Back to Journals » International Journal of General Medicine » Volume 14

Population-based Study Comparing Predictors of Ischemic Stroke Recurrence After Index Ischemic Stroke in Non-elderly Adults with or without Diabetes

Authors Elhefnawy ME, Sheikh Ghadzi SM, Tangiisuran B, Zainal H, Looi I, Ibrahim KA, Sidek NN, Loo KW, Lee KY, Abdul Aziz Z, Harun SN

Received 25 January 2021

Accepted for publication 8 March 2021

Published 7 April 2021 Volume 2021:14 Pages 1205—1212


Checked for plagiarism Yes

Review by Single anonymous peer review

Peer reviewer comments 3

Editor who approved publication: Dr Scott Fraser

Marwa Elsaeed Elhefnawy,1 Siti Maisharah Sheikh Ghadzi,1 Balamurugan Tangiisuran,1 Hadzliana Zainal,1 Irene Looi,2 Khairul Azmi Ibrahim,3 Norsima Nazifah Sidek,3 Keat Wei Loo,4 Keng Yee Lee,5 Zariah Abdul Aziz,3 Sabariah Noor Harun1

1School of Pharmaceutical Sciences, Universiti Sains Malaysia, Penang, 11800, Malaysia; 2Clinical Research Centre, Seberang Jaya Hospital, Penang, Malaysia; 3Clinical Research Centre, Hospital Sultanah Nur Zahirah, Terengganu, Malaysia; 4Department of Biological Science, Faculty of Science, Universiti Tunku Abdul Rahman (UTAR) Kampar Campus, Perak, Malaysia; 5National Clinical Research Centre, Kuala Lumpur, Malaysia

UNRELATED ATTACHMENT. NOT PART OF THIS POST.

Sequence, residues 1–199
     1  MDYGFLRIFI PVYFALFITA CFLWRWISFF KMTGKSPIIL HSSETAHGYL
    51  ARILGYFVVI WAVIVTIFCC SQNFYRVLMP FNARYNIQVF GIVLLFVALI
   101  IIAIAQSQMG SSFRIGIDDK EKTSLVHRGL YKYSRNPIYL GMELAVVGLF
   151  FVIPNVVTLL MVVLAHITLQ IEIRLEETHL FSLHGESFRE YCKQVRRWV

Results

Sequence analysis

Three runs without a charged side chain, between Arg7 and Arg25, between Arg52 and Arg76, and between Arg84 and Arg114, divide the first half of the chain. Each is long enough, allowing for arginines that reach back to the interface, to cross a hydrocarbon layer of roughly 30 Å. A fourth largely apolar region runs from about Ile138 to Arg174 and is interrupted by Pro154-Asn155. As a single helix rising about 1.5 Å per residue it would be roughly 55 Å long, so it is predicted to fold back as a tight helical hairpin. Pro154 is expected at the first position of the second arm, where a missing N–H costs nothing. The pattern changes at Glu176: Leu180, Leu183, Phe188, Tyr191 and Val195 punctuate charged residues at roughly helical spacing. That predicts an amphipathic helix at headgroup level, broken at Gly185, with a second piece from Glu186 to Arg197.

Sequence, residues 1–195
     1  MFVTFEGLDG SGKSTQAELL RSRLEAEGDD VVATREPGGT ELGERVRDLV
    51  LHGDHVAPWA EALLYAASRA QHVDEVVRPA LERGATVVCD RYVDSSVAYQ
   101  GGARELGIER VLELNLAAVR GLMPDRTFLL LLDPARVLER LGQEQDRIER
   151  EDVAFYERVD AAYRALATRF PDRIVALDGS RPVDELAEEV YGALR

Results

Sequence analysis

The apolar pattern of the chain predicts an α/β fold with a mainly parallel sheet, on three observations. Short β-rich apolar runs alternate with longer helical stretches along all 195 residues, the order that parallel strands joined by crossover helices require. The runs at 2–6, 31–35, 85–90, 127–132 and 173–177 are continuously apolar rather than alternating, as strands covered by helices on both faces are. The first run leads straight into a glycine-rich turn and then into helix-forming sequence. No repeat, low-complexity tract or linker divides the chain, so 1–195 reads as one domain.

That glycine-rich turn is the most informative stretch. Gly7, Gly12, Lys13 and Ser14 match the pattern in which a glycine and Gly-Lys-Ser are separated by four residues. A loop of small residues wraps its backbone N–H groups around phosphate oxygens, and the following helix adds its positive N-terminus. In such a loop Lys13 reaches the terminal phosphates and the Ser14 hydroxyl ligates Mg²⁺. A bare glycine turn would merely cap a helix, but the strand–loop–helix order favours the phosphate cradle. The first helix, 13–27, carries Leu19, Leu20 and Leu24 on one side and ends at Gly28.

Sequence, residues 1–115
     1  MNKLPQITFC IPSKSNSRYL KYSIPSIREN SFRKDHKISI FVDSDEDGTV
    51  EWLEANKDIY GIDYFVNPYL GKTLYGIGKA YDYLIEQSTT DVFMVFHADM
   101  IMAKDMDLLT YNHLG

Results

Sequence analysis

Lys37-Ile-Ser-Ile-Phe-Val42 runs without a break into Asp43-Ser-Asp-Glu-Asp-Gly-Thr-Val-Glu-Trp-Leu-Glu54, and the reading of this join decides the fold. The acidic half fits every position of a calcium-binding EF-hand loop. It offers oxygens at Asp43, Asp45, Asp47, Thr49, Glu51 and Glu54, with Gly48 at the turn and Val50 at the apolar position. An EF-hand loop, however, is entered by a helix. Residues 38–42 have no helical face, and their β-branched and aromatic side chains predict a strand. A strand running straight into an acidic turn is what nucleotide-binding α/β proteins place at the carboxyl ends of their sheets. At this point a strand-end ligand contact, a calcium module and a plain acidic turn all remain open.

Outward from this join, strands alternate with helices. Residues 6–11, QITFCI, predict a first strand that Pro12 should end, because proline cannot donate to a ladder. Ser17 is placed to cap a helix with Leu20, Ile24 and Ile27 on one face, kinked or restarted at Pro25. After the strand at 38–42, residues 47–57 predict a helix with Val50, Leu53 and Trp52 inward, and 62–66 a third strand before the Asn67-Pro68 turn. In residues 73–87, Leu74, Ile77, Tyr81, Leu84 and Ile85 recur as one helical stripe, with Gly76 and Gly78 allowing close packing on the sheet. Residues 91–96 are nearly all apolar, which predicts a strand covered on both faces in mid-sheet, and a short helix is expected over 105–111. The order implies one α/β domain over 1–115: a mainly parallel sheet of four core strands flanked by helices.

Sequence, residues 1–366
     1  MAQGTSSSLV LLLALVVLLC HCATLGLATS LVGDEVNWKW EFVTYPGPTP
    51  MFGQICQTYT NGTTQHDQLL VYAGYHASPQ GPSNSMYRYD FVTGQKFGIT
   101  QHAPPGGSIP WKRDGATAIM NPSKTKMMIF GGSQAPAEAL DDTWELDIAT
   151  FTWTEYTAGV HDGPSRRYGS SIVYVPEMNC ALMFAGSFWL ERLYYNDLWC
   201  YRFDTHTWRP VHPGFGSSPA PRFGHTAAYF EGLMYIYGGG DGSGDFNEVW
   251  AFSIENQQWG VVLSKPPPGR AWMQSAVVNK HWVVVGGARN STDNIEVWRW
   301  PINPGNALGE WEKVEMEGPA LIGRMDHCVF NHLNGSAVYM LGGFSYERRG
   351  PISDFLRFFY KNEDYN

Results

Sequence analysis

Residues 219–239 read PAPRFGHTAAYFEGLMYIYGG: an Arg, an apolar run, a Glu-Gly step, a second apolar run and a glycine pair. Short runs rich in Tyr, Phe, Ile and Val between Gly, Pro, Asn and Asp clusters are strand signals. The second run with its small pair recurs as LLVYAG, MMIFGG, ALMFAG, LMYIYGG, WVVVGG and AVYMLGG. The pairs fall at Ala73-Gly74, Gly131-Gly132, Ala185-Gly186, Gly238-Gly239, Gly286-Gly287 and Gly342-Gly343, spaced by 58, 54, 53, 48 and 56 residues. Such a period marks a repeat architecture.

Correspondence: Sabariah Noor Harun
Discipline of Clinical Pharmacy, School of Pharmaceutical Sciences, Universiti Sains Malaysia, Penang, 11800, Malaysia
Tel +604-6532487
Email [email protected]

Background and Purpose: Factors associated with ischemic stroke (IS) recurrence and the contribution of pharmacological treatment as secondary preventions among nondiabetics especially in the non-elderly population are unclear and not widely investigated. This was a population-based study that aimed to identify recurrent IS predictors and to determine the possible impact of secondary preventive medications on the IS recurrence in non-elderly adults with or without diabetes.